Eating clean also means drinking clean. You can still have some alcohol if you want—but stay within the recommended daily limit of one drink for women and two for men. One drink equals 5 ounces of wine, 1½ ounces of liquor or 12 ounces of beer.
Recipe to Try: Spaghetti Squash and Meatballs
Most people eat far too many added sugars. The easiest way to clean up the sugars in your diet is to limit obvious sources of sugar like soda, candy and baked goods. But don’t stop there—healthy foods like yogurt, tomato sauce and cereal can be “sneaky” sources of added sugars. Spend some time today reading labels. Choose plain or no-sugar-added varieties of your favorite foods, and check the ingredients to make sure sugar either isn’t listed at all, or is listed toward the bottom of the ingredient list.
Whole grains have beneficial nutrients that refined grains are missing, like magnesium (which helps the body produce energy) and fiber, which helps you feel fuller longer. Trade your refined grains for whole grains by eating oatmeal for breakfast, swapping out white pasta, flour and bread for whole-wheat versions, or trying a new-to-you whole grain, like quinoa, freekah or barley.
Recipe to Try: Spaghetti Genovese
Most Americans fall short of reaching the average recommended daily amount of 2½ to 3 cups of vegetables—which means they’re missing out on key vitamins, minerals and fiber. Get more vegetables in your diet by adding them to sandwiches, pastas or stir-fries. Try starting your day with vegetables at breakfast (like in this Greek omelet packed with spinach) and be sure to add veggies to your dinner tonight, like in this salad-topped pizza.
Recipe to Try: Margherita Pizz’alad
Clean eating doesn’t mean giving up meat entirely, but cutting back on meat helps you cut back on saturated fat, which can raise your cholesterol and is bad for your heart. Today, try getting your protein from other sources, such as tofu, eggs, beans, yogurt and nuts.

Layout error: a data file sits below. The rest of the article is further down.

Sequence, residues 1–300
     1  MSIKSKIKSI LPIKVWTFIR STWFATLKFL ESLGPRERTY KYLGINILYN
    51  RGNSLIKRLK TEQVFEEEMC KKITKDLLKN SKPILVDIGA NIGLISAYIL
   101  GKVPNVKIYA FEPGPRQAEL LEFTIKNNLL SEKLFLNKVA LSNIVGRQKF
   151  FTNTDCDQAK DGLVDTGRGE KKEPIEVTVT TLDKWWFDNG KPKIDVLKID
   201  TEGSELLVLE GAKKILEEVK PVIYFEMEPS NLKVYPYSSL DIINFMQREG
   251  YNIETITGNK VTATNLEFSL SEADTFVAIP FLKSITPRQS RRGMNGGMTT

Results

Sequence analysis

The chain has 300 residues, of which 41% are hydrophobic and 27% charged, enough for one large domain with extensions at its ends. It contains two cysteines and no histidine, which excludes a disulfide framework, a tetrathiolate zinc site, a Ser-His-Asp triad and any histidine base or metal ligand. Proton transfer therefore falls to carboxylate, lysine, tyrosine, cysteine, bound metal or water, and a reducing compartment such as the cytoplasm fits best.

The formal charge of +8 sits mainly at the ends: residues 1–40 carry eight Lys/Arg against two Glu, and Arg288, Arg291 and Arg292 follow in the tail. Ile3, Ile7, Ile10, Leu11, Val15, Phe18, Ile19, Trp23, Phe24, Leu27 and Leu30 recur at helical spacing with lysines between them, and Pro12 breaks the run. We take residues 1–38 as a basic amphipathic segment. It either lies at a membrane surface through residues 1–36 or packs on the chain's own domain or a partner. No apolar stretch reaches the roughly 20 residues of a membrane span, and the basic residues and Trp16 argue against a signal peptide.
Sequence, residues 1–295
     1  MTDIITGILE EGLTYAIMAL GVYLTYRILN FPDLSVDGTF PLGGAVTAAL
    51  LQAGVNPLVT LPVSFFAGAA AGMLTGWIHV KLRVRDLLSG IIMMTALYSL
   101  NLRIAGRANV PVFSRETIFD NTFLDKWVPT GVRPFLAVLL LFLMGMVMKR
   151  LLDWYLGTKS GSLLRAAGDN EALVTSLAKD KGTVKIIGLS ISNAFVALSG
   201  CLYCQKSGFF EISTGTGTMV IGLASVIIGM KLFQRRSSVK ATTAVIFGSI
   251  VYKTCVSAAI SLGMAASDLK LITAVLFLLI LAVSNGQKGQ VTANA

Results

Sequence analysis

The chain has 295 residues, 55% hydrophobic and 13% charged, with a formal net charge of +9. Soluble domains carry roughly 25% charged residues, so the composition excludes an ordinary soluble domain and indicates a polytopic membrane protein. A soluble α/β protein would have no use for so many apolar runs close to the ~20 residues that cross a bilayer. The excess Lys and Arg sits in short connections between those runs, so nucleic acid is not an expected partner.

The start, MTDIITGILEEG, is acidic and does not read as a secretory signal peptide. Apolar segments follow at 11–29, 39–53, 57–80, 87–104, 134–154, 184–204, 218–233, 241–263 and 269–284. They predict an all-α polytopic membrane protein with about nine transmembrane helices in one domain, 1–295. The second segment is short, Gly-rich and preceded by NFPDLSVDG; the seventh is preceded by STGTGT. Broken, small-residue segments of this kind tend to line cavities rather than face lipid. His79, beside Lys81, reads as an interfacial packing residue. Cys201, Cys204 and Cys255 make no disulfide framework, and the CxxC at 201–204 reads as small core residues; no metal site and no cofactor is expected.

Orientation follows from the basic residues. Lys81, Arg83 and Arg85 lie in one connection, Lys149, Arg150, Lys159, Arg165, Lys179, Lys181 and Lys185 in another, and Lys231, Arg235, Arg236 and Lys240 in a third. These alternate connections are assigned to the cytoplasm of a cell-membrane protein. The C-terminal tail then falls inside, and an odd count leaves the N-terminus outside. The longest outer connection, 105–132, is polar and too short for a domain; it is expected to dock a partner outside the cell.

Recipe to Try: Quinoa Veggie Burger
Americans typically eat 1.5 times the recommended sodium limit of 2,300 mg. According to new research, the average restaurant meal at a full-service restaurant delivered more than 3,500 mg of sodium (yikes!). That’s why cooking healthier meals is key to limiting your salt intake. You can boost flavor without reaching for the salt shaker (or at least use less salt) by using herbs and spices and adding vinegar or citrus to foods. Try a squeeze of lemon on fish or chicken, a drizzle of balsamic vinegar and olive oil over salad, or dried herbs like oregano and rosemary in soups.
You can greatly improve your diet and clean it up in a snap by cutting back on processed and packaged foods, which can be full of sodium, added sugars and sometimes ingredients we can’t pronounce. Try cooking up a stir-fry at home instead of getting takeout, or making homemade pizza instead of frozen.
Recipe to Try: Clementine & Five Spice Chicken
If your recent restaurant dining involved a super-savory dish that made you drool or a salad dressing that knocked your socks off, the chef might have been using a secret ingredient: anchovies. These tiny cured fish pack a wallop of flavor in tiny amounts and because of that, chefs like to add them to everything from salad dressing to beef stew. You might be turning up your nose, thinking of those salty, shriveled bits on pizza. However, canned or cured anchovies are a totally different taste experience.
Imagine if there was a food (or category of foods) that could single-handedly lengthen your life.
Well, such a wonder food may actually exist.
A new study published in the prestigious New England Journal of Medicine (NEJM), showed that people who ate a 1-ounce serving of nuts seven or more times each week had a 20 percent lower death rate than those who didn’t eat any.